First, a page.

The state appears ready to open Interstate 405 toll lanes to general traffic during nights, holidays and weekends, in a partial response to angry motorists.
In a concession to driver outrage, state lawmakers say they’re ready to open the Interstate 405 express toll lanes to general traffic during nights, weekends and holidays — for free.
The reprieve wouldn’t address the worst hours of commuter congestion. Nor would it untangle the Bothell bottleneck where the freeway shrinks from five total lanes to three, continuing north to Lynnwood.
But the changes might take political pressure off the Legislature, especially House Transportation Committee Chairwoman Judy Clibborn, D-Mercer Island, a longtime defender of I-405 tolling.
“I’ve been brutalized,” she said Wednesday. “I did not do this for me. I did this because we need to show people we are hearing them.”
Some 29,000 motorists have endorsed an online petition to “Stop I-405 Tolls,” complaining their daily trips are as bad or worse than before tolling began Sept. 27. The new lanes allow solo drivers to pay to enter a lane that is supposed to guarantee a 45 mph trip or faster.
Last week, Clibborn refused to hold a vote on a bill by Rep. Mark Harmsworth, R-Mill Creek, to convert one of the two tolled lanes from Bothell to Bellevue to full-time general-purpose use — which would likely sabotage the whole program.
• The Senate Transportation Committee on Tuesday approved a bill by Sen. Andy Hill, R-Redmond, to repeal tolls from 7 p.m. to 5 a.m., as well as weekends and holidays. Hill said it could reach a Senate floor vote in a week.
• Clibborn and other Democrats signed a letter Tuesday, calling on state Transportation Secretary Lynn Peterson to repeal night, weekend and holiday tolls. The letter also says the highway should be re-striped for longer access zones between toll and general lanes to give drivers more room to shift into the toll lanes.
“As far as I know, we don’t need a bill,” Clibborn said.
She said she hopes changes occur within weeks.
To stress accountability, Hill emphasized a phrase in his bill saying the I-405 daytime tolls “are for a two-year pilot period” — to affirm that lawmakers and not the Washington State Department of Transportation (WSDOT) will judge whether tolls are successful enough to continue.
“My confidence in WSDOT being able to implement anything is very, very low,” he said Wednesday. “To think that under the same management, we’re going to have any change, is highly unlikely.”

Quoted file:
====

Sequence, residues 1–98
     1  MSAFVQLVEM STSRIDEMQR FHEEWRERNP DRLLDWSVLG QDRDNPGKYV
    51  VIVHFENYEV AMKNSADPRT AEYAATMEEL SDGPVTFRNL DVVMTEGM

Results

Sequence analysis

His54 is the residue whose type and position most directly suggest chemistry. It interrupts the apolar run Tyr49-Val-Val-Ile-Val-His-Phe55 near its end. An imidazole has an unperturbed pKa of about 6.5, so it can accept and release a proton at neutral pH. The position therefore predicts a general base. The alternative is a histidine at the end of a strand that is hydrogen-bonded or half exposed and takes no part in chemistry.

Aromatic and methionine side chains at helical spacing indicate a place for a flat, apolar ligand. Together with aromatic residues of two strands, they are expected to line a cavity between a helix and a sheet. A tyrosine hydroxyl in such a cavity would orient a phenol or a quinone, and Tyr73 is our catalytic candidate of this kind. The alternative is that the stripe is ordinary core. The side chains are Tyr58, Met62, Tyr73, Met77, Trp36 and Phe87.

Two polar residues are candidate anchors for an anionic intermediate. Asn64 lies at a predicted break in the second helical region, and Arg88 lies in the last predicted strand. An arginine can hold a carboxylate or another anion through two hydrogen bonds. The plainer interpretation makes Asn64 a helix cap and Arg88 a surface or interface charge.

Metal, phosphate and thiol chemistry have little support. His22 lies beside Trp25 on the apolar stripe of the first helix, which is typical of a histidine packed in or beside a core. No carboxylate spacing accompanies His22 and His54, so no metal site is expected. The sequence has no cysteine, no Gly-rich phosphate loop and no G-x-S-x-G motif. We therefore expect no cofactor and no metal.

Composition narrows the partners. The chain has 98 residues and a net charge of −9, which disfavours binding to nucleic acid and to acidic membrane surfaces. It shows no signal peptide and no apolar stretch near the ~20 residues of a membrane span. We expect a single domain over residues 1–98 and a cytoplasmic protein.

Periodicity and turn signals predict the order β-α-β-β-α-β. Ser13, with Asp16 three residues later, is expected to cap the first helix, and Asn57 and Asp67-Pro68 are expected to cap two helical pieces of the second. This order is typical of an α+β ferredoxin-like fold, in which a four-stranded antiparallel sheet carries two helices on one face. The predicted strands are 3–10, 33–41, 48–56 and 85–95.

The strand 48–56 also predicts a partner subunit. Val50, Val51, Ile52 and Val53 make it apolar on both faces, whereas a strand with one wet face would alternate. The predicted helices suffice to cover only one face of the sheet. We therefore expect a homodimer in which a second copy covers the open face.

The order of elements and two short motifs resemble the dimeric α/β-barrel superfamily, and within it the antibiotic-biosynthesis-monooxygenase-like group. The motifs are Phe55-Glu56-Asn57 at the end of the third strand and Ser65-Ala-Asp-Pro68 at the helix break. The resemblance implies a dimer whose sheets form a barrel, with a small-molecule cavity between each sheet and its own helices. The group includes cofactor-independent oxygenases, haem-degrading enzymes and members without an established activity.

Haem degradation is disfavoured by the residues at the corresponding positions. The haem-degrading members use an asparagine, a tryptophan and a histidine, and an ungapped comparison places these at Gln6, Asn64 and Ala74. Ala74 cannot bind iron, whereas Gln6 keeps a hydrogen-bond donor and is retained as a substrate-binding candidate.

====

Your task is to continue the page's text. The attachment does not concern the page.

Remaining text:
At best, the toll-hour changes would avert some slowdowns on weekends, when drivers are more reluctant to escape the clogged general lanes by paying a toll.
State toll officials will consult the Federal Highway Administration and Washington State Transportation Commission, to determine how to change tolling hours.
A WSDOT spokesman said the agency backs the toll changes. “We appreciate the constructive approach in the letter and we support these improvements,” Ethan Bergerson said.
The new tolls have created winners and losers.
• Traffic jams have worsened north of Bothell, according to state data.
Toll rates that vary with traffic flow often reach $9 or $10, fueling complaints that Washington state offers mobility to its nobility and gridlock to its commoners.
David Hablewitz, of Bothell, a leading toll critic, testified in Olympia last week that the tolling system discourages two-person carpools by requiring three people in order to ride free at peak times. Some people dissolve two-person carpools and pay tolls, adding cars to I-405, he said.
• On the favorable side, Community Transit reports a six-minute savings at peak times with a 4 percent ridership gain, while King County Metro Transit finds an eight-minute savings, and ridership gains of 6 percent.
Some drivers are thanking the state for shorter suburban commutes, which the state estimates are 14 minutes briefer for toll payers. WSDOT data show general-lane traffic south into Bellevue moves seven minutes faster.
Meantime, the state is considering opening the right shoulders of the freeway north of Highway 527, also known as the Canyon Park interchange in north Bothell, during the afternoon peak, requiring some construction work.
That prompted needling from Bob Pishue, analyst for the conservative Washington Policy Center: “DOT says ‘can’t build our way out of congestion’ to justify #405ETL, then says wider 405 would reduce congestion,” he tweeted.
Overall, drivers make 450,000 trips per weekday within the Lynnwood-to-Bellevue segment of I-405.
Loosening the Bothell bottleneck under a tolled system would require the state to build a second toll lane to Lynnwood, and a Bothell access ramp.
Clibborn on Wednesday criticized the state’s past assurances that a single toll lane each direction would suffice north of Bothell.
“The growth going on there is humongous. I think it was miscalculated. Obviously it was not designed with enough capacity,” Clibborn said.
The price for a full build-out to Lynnwood exceeds $300 million. Lawmakers didn’t fund it in the recent 11.9-cent gas-tax increase, and nobody knows yet how far I-405 toll income might stretch, even at up to $10 a car.